Culture At Large

Does the housing market need a Year of Jubilee?

Rod Hugen

Down the street, a foreclosure sign sits in front of a neighbor’s house. We’re not sure what to do or say. There is so much shame as he awaits the results of the legal processes. He talks bravely of doing things differently next time, but the truth is that he will leave us. If only we lived in a Year of Jubilee.

The Year of Jubilee is a fascinating bit of Levitical law requiring Israelites to return property to former owners every 50th year. Between wandering the desert and fighting to take possession of the land, we don’t have much evidence they actually celebrated such a year, but it was certainly the way they were called to deal with property rights. Leviticus 25:13 reads: "'In this Year of Jubilee everyone is to return to his own property.” Former owners who had sold themselves into servitude were invited to reoccupy their land and take back their inheritance.

Underlying the complex Jubilee year was the understanding that no person really owned the land. Land was a gift from God given to his people. People were occupants, tenants, stewards and recipients of grace, not owners. Yet, at the same time, their right to possess the land was extended not just to themselves, but to their children’s children, as well.

In North American culture we value home ownership and feel secure when we have a bit of land to call our own. This security is not necessarily found in relationship with God, but in thinking that if we own land, no one can take it away from us. We will, at the very least, have a place to live when we grow old. We can also pass the land on to our heirs to provide for their care after we are gone.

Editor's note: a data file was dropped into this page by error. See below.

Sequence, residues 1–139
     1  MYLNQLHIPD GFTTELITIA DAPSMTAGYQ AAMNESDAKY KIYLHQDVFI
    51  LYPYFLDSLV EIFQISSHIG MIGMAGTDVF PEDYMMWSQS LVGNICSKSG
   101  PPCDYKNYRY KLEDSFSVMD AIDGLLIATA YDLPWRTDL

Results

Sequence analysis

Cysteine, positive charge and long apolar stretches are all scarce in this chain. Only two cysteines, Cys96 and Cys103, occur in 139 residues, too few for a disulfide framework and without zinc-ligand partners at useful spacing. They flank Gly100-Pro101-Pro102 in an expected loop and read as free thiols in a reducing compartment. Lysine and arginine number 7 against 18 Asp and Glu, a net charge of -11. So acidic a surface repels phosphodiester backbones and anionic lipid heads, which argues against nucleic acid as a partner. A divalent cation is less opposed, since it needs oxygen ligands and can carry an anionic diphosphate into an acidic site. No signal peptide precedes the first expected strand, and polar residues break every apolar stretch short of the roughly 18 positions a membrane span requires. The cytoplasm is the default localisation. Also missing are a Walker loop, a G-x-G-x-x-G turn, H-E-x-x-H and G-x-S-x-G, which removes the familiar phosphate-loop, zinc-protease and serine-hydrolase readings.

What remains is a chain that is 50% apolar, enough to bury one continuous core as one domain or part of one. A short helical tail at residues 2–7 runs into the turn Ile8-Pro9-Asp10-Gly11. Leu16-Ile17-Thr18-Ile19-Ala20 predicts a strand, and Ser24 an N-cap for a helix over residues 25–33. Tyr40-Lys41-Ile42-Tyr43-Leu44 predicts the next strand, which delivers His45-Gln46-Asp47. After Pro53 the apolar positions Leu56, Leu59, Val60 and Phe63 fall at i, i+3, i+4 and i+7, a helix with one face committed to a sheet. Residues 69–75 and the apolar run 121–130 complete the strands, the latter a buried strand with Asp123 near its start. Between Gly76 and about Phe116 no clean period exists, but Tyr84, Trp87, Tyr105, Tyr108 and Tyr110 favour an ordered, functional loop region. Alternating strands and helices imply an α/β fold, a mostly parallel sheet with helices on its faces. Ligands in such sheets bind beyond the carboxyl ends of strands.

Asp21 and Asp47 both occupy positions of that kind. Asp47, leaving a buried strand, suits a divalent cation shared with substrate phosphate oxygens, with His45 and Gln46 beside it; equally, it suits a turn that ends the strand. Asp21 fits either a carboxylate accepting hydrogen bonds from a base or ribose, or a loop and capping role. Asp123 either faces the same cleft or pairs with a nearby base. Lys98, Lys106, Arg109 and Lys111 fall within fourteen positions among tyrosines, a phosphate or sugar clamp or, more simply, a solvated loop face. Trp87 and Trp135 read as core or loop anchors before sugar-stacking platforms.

Land ownership is part of the American dream. Economically disadvantaged people are left to rent or squat. In our push toward equal opportunity for all, we smoothed the way for even those unable to afford homes to be able to purchase one. Then, when the economy crumbled, fueled in part by the ease with which people could acquire a home, many found themselves burdened by payments and the massive foreclosure and repossession binge was on. Homes reverted to their real owners – the banks and financial institutions. The culture of Jubilee seems so honoring and redemptive; the culture of foreclosure seems so brutal, greedy and sad.

For my neighbor, there is no Year of Jubilee. There is no day to look forward to when he will again live in the home he occupied these past years. His name is ruined. The dream has gone bust. One wonders how we might practice the generosity of Jubilee toward him? How might we communally exercise trust in God’s provision when we would rather trust ourselves? What does neighborliness look like when someone is losing their home to the bank?

It is easy to point fingers and assign blame. There is plenty of fault to go around. How can we be a good neighbor in the Year of Foreclosure?

Image courtesy of iStockphoto.

Topics: Culture At Large, Business & Economics, Economics, Theology & The Church, The Bible, Theology, News & Politics, Social Trends, Justice, North America, Home & Family